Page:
I ran across a recording of your appearance on “The Young Turks” from July of 2011, and was fascinated by your thoughts on representations of men in the media: namely, that everyone shows concern over negative stereotypes of women in ads or on television, but very few do the same for men, creating an unjust double standard. I readily agree that men are often portrayed as incompetent and childlike in both ads and sitcoms. I also agree that this portrayal is problematic, unfair, and does our society as a whole no favors. It’s just as inappropriate as any of the other half-million stereotypes about women, gays, and people of color that the media so enjoys peddling to the wider culture.
So, we’re in agreement on that: consistently degrading portrayals of husbands and single men on television are a bad thing. Even so, there is an underlying hole in your argument that I fear you may have missed: the characters that you are discussing—husbands on TV shows and in commercials—are, by and large, Caucasian, suburban (which usually means middle class) and straight. While your points are valid, un-ironically complaining about representations of white, straight, upper-to- middle-class males still comes off as just a bit absurd to much of the rest of the population. Literally the most privileged, powerful demographic in Western history gets made fun of every now and then? Clearly, the long race of American Civil Rights has a new hurdle to jump. The hearts of black, Latino, Asian, female, Native American, LGBT, Jewish, and Muslim Americans go out to you and your brothers in arms as you stand firm in your struggle.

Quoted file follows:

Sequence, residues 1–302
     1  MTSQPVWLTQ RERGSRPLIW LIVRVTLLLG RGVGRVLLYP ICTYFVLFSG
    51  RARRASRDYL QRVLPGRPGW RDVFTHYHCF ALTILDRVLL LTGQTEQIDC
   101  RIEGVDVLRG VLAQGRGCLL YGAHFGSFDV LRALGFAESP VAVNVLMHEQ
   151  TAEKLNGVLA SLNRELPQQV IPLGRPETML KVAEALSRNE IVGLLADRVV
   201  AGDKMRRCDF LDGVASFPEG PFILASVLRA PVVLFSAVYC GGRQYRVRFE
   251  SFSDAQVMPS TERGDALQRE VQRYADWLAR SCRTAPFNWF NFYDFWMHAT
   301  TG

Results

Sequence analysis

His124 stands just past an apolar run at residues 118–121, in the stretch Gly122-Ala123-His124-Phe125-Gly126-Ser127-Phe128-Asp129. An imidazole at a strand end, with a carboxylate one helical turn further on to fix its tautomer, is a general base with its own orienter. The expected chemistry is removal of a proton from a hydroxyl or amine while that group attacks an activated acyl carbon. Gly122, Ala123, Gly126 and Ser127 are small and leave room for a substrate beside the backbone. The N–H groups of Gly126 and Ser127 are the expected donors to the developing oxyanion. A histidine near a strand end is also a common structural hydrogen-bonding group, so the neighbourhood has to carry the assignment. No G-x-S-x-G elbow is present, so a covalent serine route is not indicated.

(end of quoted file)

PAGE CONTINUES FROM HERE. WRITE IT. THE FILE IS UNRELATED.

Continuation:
A lower-middle class, female, over-privileged oppressor